Nonnative AlaskanNonnative Alaskan
WomenMen
Alaska Native
Alaska Native
1979-1982 1983-1986 1987-1990 1991-1994 1995-1998 1999-2002
Mortality rates adjusted for age to the 2000 US standard population using the di-
rect method.
LETTERS
©2004 American Medical Association. All rights reserved. (Reprinted) JAMA, June 2, 2004—Vol 291, No. 21 2545
... The previous articles in this supplement (2,3) have illustrated that nutrition transition inordinately affects the most vulnerable population in Mexico. The prevalence of stunting in children aged <5 y (21.4%) is higher among beneficiaries of Mexico's CCT-POP than in the general population (14.1%). ...
... (Estrategía Integral de Atención a la Nutrición in Spanish); IYC, infants and young children; PHC, primary health care; PHCP, primary health care provider. 2 Urban communities (medium, 15,000-50,000, or large, >50,000 inhabitants). Rural communities (<15,000 inhabitants) and rural indigenous communities (<15,000 inhabitants with >80% of indigenous population). ...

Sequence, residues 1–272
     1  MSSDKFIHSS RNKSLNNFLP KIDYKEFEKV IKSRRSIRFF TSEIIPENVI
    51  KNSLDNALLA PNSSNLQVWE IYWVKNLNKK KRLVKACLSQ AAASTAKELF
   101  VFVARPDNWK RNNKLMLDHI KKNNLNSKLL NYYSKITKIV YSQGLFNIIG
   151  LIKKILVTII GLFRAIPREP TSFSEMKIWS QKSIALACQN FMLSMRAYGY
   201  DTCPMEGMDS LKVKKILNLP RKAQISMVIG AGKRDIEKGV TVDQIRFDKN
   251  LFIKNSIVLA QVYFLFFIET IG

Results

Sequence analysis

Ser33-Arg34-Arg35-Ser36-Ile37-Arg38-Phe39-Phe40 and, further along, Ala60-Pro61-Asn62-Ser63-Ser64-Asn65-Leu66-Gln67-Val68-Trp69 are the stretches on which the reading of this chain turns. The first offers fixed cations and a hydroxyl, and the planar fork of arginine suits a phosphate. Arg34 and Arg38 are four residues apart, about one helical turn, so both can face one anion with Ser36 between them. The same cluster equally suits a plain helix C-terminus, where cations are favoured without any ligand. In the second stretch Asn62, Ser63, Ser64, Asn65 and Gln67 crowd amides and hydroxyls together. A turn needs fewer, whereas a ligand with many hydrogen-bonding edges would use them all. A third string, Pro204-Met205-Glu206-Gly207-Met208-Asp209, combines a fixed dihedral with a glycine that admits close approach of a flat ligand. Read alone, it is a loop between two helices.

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Background: The Integrated Strategy for Attention to Nutrition (EsIAN in Spanish) is a national strategy within Mexico's conditional cash transfer program (initially Progresa, then Oportunidades, then Prospera, CCT-POP) designed to strengthen the health and nutrition component, address the nutrition transition, and improve the health and nutritional status of its beneficiaries, through 3 main components: 1) procurement of functioning equipment to primary health care (PHC) units; 2) providing free micronutrient supplements to beneficiary women and children; 3) implementing a behavior change communication (BCC) strategy and a training system for PHC providers (PHCPs). Objective: We aim to describe the iterative process and evidence-based approach used to design and roll-out the EsIAN at scale, by focusing on the BCC component. Methods: The BCC strategy was developed by following an iterative process through the following phases: situational analysis, formative research and design of the BCC strategy (using the socioecological framework and the social marketing approach), large-scale feasibility study, redesign, and national scale-up. Results: The review and formative research revealed several barriers and issues that limited program coverage, utilization, and acceptance. These included misconceptions about pregnancy and infant feeding, nonalignment of practices with international recommendations, and lack of knowledge on nutrition and related topics, among others. These results were used to identify priority behaviors and elaborate key messages for mothers/caregivers and providers to develop the BCC strategy. The feasibility study resulted in significant improvements in PHCPs' knowledge, counseling (breastfeeding, and supplement use and consumption), and caregivers' complementary feeding behaviors, and highlighted several design and delivery aspects that needed strengthening. Based on these findings, the BCC strategy was adapted prior to a national scale-up. Conclusions: The theory-based iterative approach resulted in the identification of specific actions to target, and approaches to do so, as part of the design and roll-out of the BCC strategy at scale.